Peter I've considered getting rid of my creditcard as well, but up till now have kept it because of a slight unease paying abroad would be harder. Not even sure that is true... And maybe because I got my first creditcard for the payage in France, when I went there all on my own (but with a toddler), while my french is very rudimentary. The whole package made me feel courageous/grown up/therś's not one good word for it. Anyway something I'm not ready to give up on apparently, because I still have the card 😄

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      • Peter
      • Professional Designer, Web Developer
      • lasty
      • 2 mths ago
      • Reported - view

      Powder Blue Pony Hello neighbor :) I've started using bunq a little over a year ago and their MasterCard debit cards work pretty much the same way a decent credit card would work as well, including abroad and on ATMs. So if you've by any chance taken a look at bunq and found it interesting I can recommend them. I've seen they offer a free switch service for the migration from other dutch banks.

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  • Just get a different card to keep around that doesn't have an annual fee.  We aren't anti-credit card around here, we are anti-debt, but credit cards are a useful method of paying for budgeted purchases.  I closed all my credit cards last summer when following Dave Ramsey's plan, but then I regretted it and have gotten new ones trying to build back my credit.  Turns out, now I can get 2% cash back everywhere, so I'm glad I upgraded my rewards, but I wish I hadn't closed my oldest accounts.

    Like 2
    • Peter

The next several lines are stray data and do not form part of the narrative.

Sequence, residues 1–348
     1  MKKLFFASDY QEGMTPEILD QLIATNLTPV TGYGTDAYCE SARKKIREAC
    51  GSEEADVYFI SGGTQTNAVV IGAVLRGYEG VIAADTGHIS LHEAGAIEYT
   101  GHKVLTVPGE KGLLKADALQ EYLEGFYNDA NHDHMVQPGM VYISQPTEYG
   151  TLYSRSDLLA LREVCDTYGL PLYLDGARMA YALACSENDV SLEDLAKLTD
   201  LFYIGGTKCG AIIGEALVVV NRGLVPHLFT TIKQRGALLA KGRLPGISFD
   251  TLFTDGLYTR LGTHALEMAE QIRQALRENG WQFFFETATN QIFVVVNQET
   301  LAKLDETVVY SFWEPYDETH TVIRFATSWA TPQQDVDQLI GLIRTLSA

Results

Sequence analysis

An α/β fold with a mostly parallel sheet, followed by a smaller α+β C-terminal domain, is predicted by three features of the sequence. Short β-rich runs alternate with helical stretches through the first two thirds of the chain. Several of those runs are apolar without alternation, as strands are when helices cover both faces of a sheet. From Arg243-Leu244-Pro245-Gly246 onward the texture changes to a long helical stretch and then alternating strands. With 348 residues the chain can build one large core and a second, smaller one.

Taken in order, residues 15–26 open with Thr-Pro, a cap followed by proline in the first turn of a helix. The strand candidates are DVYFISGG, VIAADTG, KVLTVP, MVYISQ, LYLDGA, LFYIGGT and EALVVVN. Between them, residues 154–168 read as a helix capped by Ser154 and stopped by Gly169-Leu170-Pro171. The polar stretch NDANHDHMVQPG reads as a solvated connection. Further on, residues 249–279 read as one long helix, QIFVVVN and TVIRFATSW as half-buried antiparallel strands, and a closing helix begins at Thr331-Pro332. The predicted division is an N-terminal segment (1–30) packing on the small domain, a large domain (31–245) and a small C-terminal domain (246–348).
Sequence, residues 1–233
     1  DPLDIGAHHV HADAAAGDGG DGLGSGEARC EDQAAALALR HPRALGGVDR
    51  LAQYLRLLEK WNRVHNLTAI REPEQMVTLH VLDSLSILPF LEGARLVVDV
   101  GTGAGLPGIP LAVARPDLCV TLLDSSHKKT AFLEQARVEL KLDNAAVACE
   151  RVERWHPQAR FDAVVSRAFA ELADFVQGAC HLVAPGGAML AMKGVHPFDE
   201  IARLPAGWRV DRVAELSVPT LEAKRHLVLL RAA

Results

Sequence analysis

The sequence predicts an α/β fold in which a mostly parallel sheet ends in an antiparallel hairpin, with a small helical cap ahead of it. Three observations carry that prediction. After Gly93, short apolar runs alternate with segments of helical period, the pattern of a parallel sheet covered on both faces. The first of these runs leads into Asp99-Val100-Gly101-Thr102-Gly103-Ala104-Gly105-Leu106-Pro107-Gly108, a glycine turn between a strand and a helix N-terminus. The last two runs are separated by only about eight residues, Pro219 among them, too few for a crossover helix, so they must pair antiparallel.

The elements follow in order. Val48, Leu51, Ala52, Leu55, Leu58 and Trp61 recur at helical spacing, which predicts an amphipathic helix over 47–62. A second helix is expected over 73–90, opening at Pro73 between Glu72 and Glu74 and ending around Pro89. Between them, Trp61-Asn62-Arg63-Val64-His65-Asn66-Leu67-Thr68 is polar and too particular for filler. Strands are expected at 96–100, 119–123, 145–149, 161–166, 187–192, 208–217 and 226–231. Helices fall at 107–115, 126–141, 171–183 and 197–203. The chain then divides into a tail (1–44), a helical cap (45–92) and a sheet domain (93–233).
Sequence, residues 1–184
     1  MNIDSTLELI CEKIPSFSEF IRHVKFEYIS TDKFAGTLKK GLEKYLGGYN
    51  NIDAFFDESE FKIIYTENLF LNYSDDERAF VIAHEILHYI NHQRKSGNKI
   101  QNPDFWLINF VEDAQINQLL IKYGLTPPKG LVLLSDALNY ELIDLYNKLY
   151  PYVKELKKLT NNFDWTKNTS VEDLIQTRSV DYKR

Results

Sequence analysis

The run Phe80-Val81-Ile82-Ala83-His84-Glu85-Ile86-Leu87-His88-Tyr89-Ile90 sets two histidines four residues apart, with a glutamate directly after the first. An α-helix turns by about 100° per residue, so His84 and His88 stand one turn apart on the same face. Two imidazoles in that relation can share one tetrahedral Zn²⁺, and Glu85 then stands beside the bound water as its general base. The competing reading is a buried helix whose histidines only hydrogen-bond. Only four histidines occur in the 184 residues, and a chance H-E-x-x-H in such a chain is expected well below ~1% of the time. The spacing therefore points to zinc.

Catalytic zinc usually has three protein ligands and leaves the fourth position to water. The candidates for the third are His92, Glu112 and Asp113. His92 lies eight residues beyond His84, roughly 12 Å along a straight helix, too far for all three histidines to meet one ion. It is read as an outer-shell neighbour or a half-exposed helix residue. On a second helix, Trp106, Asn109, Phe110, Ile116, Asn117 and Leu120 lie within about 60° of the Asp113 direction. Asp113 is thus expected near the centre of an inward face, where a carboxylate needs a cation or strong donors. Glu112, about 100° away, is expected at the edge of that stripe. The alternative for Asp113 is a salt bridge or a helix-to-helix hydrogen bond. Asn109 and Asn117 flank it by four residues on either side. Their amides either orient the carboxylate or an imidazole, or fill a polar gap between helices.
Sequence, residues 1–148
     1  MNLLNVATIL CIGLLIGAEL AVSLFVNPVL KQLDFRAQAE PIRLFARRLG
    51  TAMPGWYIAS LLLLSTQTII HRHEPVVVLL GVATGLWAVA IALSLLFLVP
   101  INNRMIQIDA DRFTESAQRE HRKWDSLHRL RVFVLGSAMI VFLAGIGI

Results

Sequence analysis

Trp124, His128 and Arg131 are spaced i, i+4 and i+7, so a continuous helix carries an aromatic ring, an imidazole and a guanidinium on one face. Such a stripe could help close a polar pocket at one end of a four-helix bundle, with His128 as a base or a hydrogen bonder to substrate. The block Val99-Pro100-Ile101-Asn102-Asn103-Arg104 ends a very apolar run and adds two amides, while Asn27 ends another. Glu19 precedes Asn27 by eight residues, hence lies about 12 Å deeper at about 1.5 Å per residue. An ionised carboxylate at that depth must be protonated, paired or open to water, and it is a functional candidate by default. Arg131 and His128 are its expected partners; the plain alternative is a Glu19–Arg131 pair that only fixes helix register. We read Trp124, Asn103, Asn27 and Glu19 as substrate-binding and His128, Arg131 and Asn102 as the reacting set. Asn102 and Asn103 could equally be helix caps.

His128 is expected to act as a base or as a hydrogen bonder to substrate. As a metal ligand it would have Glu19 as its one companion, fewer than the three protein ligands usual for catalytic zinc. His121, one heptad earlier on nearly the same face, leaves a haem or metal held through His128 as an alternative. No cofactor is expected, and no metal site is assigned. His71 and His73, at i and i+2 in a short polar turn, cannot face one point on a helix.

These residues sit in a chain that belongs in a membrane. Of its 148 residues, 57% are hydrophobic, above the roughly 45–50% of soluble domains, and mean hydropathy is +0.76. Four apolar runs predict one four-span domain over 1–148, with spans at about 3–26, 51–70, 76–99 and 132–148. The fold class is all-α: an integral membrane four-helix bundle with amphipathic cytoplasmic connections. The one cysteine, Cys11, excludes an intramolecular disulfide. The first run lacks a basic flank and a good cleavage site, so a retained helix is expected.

• Professional Designer, Web Developer
    • lasty
    • 2 mths ago
    • 1
    • Reported - view

    Thank you all for your advice.  I forgot that in the US there's a lot more importance connected to owning a credit card.

    I'm realizing that in Europe we live in a different reality credit card wise and I should probably ask somewhere less US centric. Many people here don't own a credit card because they literally never need one, instead relying on less universal but long established card payment methods, cash and direct debits. Our credit scores care little about us owning one.

    Like 1
      • dakinemaui
      • dakinemaui
      • 2 mths ago
      • Reported - view

      Peter I can't imagine that Europeans don't care about discounts. Are rewards cards just not available to you?

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      • Peter
      • Professional Designer, Web Developer
      • lasty
      • 2 mths ago
      • Reported - view

      dakinemaui I've not seen a lot of cards offering rewards. There's also no guarantee that places will accept credit cards, like restaurants, smaller shops or certain chains. Quite a number of smaller restaurants, bakeries and shops won't even take anything but cash or cards only above a certain sum. Instead we have a big bonus point program that a lot of chains participate in where you have a card with a bar code and magstripe that gets scanned in addition to your payment and where it doesn't matter which way you paid.